From the editor: Human rights through art, travel and civil society

We expect the values of human rights set out in international law to be more than words on paper. And yet injustice, preventable human suffering and poverty have not been banished to the past. What can be done to make human rights a reality?

Some people, like Navi Pillay, former UN High Commissioner for Human Rights and international judge, have dedicated their careers to translating ideals into actions, and continue to inspire others to fulfil our shared mandate to promote and protect human rights. Lacuna’s writer-in-residence, Rebecca Omonira-Oyekanmi, met Ms Pillay during the international development lecture at Warwick University this year. In a video interview with Warwick alumna Madhu Mehra, the three women discuss the former High Commissioner’s journey from her formative years in South Africa, her legal practice and civil society work, and her special commitment to fighting domestic violence. During her time leading the UN’s human rights agenda she challenged her organisation’s practices, making sure that human rights became everybody’s business. But her belief is that change must always come from below: civil society organisations and communities themselves are at the forefront of positive change in promoting human rights.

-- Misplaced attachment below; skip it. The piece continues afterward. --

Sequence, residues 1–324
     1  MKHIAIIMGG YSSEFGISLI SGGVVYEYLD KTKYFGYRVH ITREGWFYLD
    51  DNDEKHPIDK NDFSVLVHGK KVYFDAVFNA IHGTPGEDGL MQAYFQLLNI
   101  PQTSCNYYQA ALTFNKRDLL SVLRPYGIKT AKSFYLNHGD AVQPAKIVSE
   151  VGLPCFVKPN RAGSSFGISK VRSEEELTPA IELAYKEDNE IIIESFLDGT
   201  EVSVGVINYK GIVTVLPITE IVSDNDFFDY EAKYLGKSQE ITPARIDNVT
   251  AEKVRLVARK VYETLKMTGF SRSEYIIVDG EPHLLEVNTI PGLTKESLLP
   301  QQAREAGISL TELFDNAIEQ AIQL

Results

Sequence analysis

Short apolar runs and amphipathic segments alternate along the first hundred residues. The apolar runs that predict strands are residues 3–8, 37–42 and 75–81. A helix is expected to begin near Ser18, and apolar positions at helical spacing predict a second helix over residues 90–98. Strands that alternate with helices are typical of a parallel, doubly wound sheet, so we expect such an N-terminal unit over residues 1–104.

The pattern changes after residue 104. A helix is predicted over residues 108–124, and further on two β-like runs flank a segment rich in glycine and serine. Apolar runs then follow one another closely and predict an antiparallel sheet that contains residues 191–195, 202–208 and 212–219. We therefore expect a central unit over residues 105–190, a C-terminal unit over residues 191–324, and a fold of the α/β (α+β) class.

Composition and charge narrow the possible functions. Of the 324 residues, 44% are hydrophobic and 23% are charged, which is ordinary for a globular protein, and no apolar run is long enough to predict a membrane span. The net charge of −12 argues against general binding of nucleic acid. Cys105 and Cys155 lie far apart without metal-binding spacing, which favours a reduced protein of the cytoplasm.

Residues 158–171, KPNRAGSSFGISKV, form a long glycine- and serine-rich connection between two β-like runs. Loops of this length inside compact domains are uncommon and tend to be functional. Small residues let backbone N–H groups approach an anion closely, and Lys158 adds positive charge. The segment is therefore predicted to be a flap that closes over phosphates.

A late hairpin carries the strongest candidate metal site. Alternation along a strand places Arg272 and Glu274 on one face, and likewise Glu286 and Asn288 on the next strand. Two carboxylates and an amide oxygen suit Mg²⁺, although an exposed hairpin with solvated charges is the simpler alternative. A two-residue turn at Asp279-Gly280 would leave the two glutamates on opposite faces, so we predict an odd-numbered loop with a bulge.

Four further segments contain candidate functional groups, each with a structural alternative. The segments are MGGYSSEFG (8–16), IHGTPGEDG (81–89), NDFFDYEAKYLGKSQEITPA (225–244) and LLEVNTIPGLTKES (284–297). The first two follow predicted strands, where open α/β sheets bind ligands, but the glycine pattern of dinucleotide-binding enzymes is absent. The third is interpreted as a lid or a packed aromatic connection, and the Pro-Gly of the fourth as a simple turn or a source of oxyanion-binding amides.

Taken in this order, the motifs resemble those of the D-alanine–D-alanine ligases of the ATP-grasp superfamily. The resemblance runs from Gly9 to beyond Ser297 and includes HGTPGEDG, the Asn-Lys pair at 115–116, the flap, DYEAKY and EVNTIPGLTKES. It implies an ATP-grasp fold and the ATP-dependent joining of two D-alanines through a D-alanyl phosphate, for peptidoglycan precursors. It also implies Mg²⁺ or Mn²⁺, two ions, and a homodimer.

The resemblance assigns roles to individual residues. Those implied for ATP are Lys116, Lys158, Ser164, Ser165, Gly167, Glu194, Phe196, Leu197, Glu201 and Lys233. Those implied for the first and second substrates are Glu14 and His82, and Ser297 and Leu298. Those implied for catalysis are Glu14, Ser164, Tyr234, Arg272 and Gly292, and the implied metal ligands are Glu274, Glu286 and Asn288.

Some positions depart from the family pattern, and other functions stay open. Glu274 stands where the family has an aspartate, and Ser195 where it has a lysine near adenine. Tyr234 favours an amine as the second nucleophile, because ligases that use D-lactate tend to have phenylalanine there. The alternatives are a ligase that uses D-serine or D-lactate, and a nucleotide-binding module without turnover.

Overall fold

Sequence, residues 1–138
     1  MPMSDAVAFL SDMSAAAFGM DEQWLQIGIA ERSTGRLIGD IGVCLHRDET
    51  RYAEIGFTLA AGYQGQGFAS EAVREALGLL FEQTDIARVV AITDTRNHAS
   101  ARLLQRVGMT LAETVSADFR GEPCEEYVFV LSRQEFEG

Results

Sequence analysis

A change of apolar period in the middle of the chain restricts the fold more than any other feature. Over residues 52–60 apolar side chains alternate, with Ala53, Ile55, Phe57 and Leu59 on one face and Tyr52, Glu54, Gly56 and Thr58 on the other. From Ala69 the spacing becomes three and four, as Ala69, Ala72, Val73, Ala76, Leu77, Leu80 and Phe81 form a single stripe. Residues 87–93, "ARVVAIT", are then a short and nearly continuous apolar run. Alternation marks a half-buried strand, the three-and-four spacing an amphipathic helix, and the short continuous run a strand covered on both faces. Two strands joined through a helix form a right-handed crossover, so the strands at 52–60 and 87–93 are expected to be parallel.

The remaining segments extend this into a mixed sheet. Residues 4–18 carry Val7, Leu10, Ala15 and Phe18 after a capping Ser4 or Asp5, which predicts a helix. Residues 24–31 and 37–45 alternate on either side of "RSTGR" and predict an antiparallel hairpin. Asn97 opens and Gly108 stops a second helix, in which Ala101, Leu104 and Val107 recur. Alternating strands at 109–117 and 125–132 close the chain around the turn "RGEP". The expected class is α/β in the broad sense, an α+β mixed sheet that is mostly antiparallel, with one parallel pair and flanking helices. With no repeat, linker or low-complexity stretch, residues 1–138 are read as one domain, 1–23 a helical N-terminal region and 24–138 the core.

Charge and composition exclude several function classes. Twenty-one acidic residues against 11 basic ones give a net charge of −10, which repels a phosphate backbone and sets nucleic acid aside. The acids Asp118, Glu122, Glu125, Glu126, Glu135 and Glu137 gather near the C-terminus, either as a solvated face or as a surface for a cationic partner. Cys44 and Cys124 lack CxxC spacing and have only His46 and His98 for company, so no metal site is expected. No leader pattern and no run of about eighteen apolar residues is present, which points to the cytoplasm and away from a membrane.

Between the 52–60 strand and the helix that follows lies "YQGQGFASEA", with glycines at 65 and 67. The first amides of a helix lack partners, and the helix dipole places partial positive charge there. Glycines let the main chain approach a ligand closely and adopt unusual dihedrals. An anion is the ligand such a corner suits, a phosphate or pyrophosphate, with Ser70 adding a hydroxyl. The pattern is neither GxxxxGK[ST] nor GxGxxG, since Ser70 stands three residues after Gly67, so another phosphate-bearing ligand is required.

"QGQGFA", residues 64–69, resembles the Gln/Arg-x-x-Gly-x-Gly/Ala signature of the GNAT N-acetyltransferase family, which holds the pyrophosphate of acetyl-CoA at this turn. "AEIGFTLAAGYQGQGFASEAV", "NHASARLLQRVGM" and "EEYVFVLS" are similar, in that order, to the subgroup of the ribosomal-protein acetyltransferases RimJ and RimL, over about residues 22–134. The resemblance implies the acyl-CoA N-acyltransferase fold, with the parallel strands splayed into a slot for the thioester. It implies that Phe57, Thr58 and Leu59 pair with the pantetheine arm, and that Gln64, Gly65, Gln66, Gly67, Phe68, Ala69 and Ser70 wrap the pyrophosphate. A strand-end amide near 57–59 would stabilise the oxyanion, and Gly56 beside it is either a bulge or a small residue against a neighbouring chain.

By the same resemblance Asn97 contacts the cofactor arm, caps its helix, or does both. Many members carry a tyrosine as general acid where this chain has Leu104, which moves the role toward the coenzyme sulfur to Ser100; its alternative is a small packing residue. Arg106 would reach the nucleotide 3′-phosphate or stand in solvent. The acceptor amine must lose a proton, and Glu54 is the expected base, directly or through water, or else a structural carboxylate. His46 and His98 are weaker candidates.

Creative projects tackling social justice issues are an important part of vibrant civil society. Art in its many forms helps place human rights at the heart of our community and our politics, ensuring we don’t forget suffering and injustice wherever it happens. Theatre companies like Ice and Fire specialise in telling human rights stories through performance: Christine Bacon reflects on why she felt the need to write a play on Sri Lanka’s civil war. A series of encounters at a theatre production was the start of a project that culminated in writing Island Nation, a play that contributes to making sure people know about the atrocities that happened in Sri Lanka.

And returning from a recent trip to Iran, Sophia Insoll shares a personal travel diary of her journey into a country and culture that is becoming more accessible to foreign visitors. While that part of the world has experienced a succession of domestic and international adversities, the warmth and hospitality of its people, and the richness of its heritage and landscapes have not faded. 

 

Banner photo by deepstereo via Flickr

Alice Panepinto

Alice Panepinto is a Research Fellow at the Centre for Human Rights in Practice working on transitional justice, international law and Muslim-majority legal systems. She joined the Lacuna team in March 2015.

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